NMHC/NAA Viewpoint NMHC/NAA support music licensing and copyright reforms that aim to improve efficiency, transparency and reduce burdens for apartment communities caused by a duplicative licensing administration system.
Like many American businesses, apartment communities play musical works in common areas, such as reception areas, foyer or lobby spaces, leasing offices or elevators. Music is also commonly played or provided around pool facilities, in dining areas, along walking paths, in on-site fitness centers and clubhouses, or similar social spaces. In accordance with existing copyright law, the playing of music in these areas is considered a “performance” of such work, which may require owners and operators to obtain licenses from Performing Rights Organizations (PROS), including ASCAP, BMI and SESAC.
In exchange for a licensing fee, PROS grant the apartment owner or operator the right to play copyrighted music legally in apartment community public spaces. Over the past decade, activity by the PROs to collect licensing fees from apartment communities and other end users has increased substantially. NAA/NMHC responded by providing guidance to members on the basics of federal copyright law and how to evaluate whether or not licensing fees are required. Further, NAA/NMHC partnered with copyright experts to clarify music licensing requirements in some critical, specific scenarios such as music or televisions in fitness centers and on treadmills.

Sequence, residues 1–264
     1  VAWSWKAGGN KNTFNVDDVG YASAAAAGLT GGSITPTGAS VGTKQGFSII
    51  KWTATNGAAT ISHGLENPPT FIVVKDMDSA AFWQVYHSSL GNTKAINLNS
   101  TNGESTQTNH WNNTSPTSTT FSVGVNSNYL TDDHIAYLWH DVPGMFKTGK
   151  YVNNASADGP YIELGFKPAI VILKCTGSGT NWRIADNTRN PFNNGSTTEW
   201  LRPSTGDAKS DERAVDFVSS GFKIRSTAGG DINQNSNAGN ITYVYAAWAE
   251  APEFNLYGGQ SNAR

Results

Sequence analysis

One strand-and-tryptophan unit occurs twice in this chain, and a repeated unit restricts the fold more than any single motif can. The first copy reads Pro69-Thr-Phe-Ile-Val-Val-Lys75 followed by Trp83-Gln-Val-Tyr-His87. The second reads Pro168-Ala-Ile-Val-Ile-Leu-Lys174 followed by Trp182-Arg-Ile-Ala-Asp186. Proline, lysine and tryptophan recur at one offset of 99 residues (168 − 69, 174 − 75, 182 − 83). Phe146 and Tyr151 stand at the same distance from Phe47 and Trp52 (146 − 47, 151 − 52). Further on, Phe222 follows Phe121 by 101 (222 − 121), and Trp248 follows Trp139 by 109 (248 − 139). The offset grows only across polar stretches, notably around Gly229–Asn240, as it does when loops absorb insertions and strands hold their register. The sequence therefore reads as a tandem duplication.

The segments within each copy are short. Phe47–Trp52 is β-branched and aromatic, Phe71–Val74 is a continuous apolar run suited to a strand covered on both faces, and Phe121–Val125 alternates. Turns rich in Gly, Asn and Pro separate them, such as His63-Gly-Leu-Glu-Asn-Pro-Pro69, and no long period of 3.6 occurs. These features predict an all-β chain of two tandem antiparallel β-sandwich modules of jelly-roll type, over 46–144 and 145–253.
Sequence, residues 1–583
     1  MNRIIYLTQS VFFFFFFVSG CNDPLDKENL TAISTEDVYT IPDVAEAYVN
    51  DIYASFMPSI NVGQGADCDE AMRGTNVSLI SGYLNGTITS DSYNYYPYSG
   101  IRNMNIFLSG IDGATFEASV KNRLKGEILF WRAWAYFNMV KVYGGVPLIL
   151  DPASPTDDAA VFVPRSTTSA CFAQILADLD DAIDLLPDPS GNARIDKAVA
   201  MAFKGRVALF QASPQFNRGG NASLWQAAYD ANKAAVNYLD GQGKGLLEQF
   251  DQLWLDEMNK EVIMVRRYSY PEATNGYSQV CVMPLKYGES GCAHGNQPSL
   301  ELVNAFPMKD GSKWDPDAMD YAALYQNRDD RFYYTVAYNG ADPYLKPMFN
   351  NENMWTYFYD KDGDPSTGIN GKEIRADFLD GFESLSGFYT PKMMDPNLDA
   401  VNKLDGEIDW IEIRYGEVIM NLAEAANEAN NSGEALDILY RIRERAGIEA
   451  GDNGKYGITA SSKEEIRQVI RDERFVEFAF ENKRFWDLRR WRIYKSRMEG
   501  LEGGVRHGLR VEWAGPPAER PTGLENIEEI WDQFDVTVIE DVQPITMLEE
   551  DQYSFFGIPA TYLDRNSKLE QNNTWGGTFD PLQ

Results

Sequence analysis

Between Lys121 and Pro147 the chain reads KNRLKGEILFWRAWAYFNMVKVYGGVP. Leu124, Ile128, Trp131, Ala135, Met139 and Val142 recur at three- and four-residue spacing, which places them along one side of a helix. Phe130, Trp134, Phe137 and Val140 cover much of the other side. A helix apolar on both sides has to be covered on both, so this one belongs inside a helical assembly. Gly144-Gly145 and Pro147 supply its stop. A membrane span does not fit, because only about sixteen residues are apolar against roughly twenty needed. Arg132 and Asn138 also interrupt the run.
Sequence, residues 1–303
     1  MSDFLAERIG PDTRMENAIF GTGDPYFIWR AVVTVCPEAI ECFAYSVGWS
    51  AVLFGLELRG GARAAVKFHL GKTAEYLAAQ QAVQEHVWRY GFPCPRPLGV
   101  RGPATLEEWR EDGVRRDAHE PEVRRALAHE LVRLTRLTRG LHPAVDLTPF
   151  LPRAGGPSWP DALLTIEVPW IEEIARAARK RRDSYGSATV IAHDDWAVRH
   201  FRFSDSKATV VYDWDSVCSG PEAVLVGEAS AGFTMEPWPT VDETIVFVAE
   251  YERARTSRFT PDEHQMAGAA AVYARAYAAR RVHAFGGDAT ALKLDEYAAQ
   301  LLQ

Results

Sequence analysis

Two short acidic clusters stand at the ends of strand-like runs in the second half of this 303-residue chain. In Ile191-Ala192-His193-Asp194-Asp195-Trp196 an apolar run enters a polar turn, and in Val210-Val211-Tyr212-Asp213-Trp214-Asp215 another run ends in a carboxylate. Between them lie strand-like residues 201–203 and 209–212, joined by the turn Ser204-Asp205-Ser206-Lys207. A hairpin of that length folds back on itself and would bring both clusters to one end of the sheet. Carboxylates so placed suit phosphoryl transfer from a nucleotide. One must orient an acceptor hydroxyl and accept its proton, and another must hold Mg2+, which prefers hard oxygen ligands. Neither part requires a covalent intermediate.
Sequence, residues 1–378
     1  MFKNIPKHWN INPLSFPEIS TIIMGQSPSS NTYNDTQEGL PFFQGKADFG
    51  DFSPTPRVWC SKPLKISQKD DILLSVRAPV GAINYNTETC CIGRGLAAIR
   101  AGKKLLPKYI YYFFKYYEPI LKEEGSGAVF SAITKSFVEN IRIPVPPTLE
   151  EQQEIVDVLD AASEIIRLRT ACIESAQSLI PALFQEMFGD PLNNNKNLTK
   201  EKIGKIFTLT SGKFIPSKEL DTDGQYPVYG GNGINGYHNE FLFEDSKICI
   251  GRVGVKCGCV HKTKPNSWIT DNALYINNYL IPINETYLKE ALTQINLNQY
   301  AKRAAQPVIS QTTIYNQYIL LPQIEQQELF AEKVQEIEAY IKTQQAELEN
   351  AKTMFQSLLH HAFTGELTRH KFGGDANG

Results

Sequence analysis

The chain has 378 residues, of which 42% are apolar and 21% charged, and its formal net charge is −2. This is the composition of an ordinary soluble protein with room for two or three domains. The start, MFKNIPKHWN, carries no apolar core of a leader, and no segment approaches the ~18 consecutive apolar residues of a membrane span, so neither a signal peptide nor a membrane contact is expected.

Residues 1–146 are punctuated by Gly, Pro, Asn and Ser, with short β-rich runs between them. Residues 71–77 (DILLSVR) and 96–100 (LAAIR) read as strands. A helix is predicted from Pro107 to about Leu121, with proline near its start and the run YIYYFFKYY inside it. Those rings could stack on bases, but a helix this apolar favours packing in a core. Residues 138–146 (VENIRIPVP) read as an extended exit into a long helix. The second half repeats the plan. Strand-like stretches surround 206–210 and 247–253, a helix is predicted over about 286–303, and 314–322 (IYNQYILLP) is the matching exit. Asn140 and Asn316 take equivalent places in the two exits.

Despite rigorous work on the part of apartment owners and operators to understand and comply with copyright law, there remains a lack of transparency in the current marketplace for music. Reliable ownership information is sparse and not readily available on who owns the music and to whom the licensing fees should be paid. This creates a duplicative licensing administration system. Additionally, there is a strong need for more specificity in the law about what might trigger music licensing requirements at an apartment community. Finally, there exists consent decrees governing music societies which are critical to ensuring a competitive marketplace for musical works, facilitating delivery of licenses in a predictable manner and providing for fair treatment of end-users.
The apartment industry urges Congress to do the following:
- Enact copyright and music licensing reforms to reduce compliance burdens for apartment communities and enable greater transparency in the ownership of musical works so that end-users are clear about who they must pay.
- Define the space within apartment communities where played music requires licensing as only those areas not designated for residents only.
- Preserve the existing consent decrees governing ASCAP and BMI and continue the fair competitiveness of the music marketplace.
Music licensing obligations must be made clearly understandable to apartment owners and operators, in order to effectively determine when a license might be required, and what type of license is appropriate for the apartment community.